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Wednesday, June 5, 2013

Asking Better Questions about Migration

Interesting article up on the Open Border website by Alex Nowrasteh.  Many discussions about illegal immigration are uninteresting because they start from the assumption that it is a huge problem, worthy of our attention and our tax dollars.

In his article Mr. Nowrasteh challenges that assumption and asks instead:   Why are there so few unlawful migrants?  The U.S. has a population of around 315 million.  The EU is even larger with 500 million.  And yet, both regions have relatively low numbers of illegal migrants.  You cannot tell me that 10-11 million sans papiers out of a U.S. population of over 300 million means that the barbarians are at the gate, swamping the native population and intent on destroying their "civilization."

Nowrasteh argues that there are two reasons that hordes are not storming the gates:  uncertain economic benefits and the fear of punishment.  These are the things, he says, that deter many people from migrating illegally.

It's an interesting argument and his points are well taken.  Is it the whole story?  I don't think so.  He makes two assumptions that I question.

The first is that low-skilled labor migration is all about economics.  We look at a low wage country like Mexico and we assume that, of course, people there want to move to a country where they can make more money.  I don't think it's that simple.  I look at economics as just one factor among many that influences that decision to migrate.  Other reasons may include wanting to be with family (lots of families split by nationality in border areas), improving the chances of one's children or escaping persecution/discrimination.  Is a young woman limited by her sex in her home country migrating in order to make more money or out of desperation because her life choices are limited where she is?  Or a father who brings his children to a country with a better educational system so that they might have better opportunities?  Or what about a gay couple where one is an American citizen who can't get a Green Card for his or her partner?  There are reasons other than employment or higher wages that migrants seek under certain circumstances.   And that is true for all migrants be they highly-qualified or semi-skilled labor.

The second is that fear of punishment is an effective deterrent.  It is surely a factor but looking at the 10-11 million illegal immigrants in the U.S. many of them have lived there for over 10 years.  Some left during the Great Recession but there are still many who are long-term residents who aren't going anywhere.  Perhaps the risk of getting caught crossing the border deters only those who are at the very beginning of their migration journey and are unsure about the cost/benefits.  I'm not sure it is effective for those who are determined to leave one country for another.  The costs cited in the article can be lowered.  Instead of paying a smuggler, many come in as tourists or students and overstay.  Others have access to migrant networks - friends and family who can help.  Fear of punishment can be much less where the migrant has support and assistance waiting for him on the other side of the border.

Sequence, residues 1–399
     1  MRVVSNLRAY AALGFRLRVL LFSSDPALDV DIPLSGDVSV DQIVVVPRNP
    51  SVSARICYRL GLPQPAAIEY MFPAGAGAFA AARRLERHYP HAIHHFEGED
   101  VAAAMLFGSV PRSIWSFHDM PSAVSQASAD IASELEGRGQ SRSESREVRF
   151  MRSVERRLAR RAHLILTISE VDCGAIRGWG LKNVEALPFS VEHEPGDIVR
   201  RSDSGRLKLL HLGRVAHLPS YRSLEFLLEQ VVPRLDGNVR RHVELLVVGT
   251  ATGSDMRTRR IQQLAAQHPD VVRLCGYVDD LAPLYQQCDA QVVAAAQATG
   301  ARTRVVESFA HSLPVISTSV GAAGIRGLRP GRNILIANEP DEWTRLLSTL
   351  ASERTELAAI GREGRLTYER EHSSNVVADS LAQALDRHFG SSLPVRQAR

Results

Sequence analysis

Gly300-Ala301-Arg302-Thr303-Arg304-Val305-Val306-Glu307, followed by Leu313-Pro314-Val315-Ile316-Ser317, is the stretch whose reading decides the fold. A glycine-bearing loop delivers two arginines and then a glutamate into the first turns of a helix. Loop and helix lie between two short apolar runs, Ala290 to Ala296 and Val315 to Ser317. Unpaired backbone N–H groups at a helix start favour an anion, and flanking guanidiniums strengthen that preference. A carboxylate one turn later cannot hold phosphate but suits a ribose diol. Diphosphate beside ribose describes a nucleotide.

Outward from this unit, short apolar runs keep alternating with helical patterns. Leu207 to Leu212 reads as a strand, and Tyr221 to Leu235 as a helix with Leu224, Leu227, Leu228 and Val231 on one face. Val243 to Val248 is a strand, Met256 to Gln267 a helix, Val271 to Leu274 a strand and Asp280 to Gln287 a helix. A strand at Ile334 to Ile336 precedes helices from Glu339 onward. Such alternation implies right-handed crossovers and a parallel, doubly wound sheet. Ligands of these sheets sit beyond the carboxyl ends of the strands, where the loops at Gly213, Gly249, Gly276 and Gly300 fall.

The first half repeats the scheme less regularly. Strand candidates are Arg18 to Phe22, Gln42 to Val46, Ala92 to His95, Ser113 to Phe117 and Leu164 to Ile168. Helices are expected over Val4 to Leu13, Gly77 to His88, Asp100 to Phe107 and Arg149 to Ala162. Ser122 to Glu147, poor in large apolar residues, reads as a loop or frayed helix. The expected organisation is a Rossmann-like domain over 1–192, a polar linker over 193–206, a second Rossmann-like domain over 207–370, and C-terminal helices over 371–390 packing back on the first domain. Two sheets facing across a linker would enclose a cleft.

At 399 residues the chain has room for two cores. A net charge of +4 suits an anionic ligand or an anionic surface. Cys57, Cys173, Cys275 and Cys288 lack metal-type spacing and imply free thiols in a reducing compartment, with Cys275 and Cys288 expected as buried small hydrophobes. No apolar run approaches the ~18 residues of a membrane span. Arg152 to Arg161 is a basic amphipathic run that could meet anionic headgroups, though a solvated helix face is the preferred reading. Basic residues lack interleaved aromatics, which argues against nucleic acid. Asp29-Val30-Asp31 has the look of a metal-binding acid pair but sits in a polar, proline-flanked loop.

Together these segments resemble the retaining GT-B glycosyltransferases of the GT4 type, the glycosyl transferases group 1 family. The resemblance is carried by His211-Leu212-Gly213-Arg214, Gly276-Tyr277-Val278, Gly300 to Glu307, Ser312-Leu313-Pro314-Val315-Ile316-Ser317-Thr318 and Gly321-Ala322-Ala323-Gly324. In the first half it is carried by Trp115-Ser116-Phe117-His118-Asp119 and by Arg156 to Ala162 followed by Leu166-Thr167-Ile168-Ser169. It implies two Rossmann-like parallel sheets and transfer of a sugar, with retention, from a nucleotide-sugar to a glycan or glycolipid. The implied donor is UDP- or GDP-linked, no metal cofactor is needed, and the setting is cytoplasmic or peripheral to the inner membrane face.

My last quibble with his argument is that it is U.S. centric.  The article was clearly written with an American audience in mind and Americans have a tendency to see all migration questions through the prism of Mexican migration.  Another answer to the question "Why aren't there more illegal immigrants in the U.S.?" might be that the U.S. is no longer the only choice destination for migrants.  There are other places in the world with better education and social welfare systems that are respectful of human rights and have solid opportunities for the skilled and semi-skilled migrant.  Migrants today know more about these places, and the choices available to them, thanks to the Net and social media, not to mention the global/local press.  Eva Hoffman argued that there is no center anymore:
Multivalence is no more than a condition of contemporary awareness, and no more than the contemporary world demands. The weight of the world used to be vertical: it used to come from the past, or from the hierarchy of heaven and earth and hell; now it's horizontal, made up of the endless multiplicity of events going on at once and pressing at each moment on our minds and our living rooms. Dislocation is the norm rather than the aberration in our time, but even in the unlikely event that we spend an entire lifetime in one place, the fabulous diverseness with which we live reminds us constantly that we are no longer the norm or the center, that there is no one geographic center pulling the world together and glowing with the allure of the real thing.

That greater awareness of all the world has to offer is not necessarily favorable to the U.S.  I would argue that the perception of the U.S. is also a deterrent to migration.  Americans might be surprised to learn that some potential migrants view the U.S. as a very violent society that does not take care of people in need.  That the truth is much more complex is lost on those who get their information about that country through scary headlines in the local paper or on the Internet and horror stories passed along by word of mouth.  In every country I have ever lived in or travelled to, I have encountered people with this vision of the U.S. and I think that is one hell of a deterrent to both illegal and legal migration.

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